I did a lot of internet lurking trying to understand at first. There absolutely are people, out people, who just get a gross thrill from cheating, they like the idea of turning a straight person who is married (as if a truly straight person would do that), and deliberately seek out GID types, not in spite of them having a straight spouse, but 'because' they have a straight spouse. It's a twisted fantasy. The weird idea of 'straight-acting' is ubiquitous in gay forums and articles too. I found it so damn depressing. (I don't recommend it if you don't want gay vacation/cruise ads popping up in your browser all the time).

I also know some good gay people with quality character and some that made mistakes but do the right thing a whole lot quicker and try not to hurt the other person involved. People have choices. I don't think celebrating people for finally making the right one (at the expense of someone else) deserves a parade. That's a huge reason why pride month and the flag waving upsets me. I just want to forget it ever happened. It's painful.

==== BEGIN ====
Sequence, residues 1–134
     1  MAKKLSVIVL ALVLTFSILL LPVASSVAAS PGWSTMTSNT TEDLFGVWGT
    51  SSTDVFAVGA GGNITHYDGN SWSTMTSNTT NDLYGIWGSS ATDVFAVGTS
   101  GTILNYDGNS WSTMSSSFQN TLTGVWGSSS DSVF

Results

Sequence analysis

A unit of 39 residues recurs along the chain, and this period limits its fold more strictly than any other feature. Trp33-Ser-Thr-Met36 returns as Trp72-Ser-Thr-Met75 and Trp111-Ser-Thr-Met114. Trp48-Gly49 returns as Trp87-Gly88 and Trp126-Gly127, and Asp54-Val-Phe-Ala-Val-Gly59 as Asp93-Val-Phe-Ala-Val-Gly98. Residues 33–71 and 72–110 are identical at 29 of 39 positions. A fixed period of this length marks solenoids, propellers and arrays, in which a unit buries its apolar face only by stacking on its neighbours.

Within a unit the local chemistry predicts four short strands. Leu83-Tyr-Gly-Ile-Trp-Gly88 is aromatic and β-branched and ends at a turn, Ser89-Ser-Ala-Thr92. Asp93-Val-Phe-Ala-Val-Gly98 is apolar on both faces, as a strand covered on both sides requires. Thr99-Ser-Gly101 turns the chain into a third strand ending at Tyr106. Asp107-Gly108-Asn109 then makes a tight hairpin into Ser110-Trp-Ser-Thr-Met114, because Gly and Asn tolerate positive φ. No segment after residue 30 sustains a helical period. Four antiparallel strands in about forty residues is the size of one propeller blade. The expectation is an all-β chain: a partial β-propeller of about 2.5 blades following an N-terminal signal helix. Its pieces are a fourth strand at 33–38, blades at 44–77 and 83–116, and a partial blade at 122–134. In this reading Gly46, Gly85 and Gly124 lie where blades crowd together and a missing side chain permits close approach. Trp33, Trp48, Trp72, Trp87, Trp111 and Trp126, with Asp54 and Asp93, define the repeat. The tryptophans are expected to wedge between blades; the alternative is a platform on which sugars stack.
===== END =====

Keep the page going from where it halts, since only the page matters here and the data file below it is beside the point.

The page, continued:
July 10, 2019 10:19 am  #7


Re: Pride Month & MO Relationship

I've had few difficult times during pride month, I was seriously pissed off during a yoga class that turned into a pride celebration when the teacher decided to include those who haven't have the courage to come out.  For those of us that have been used we just get swept under the rug.

My oldest son is gay and I am so thrilled and proud of him.  When he came out he came out HUGE and received overwhelming support from everyone, including about 1000 new FB friends overnight who never met him.  I wonder how difficult it was for my GIDH to witness?  Enough energy on him.

I understand why ppl in certain circumstances feel like they can't come out.  But I'm angry.


My turn
 

July 10, 2019 12:18 pm  #8


Re: Pride Month & MO Relationship

Hi Whirligig,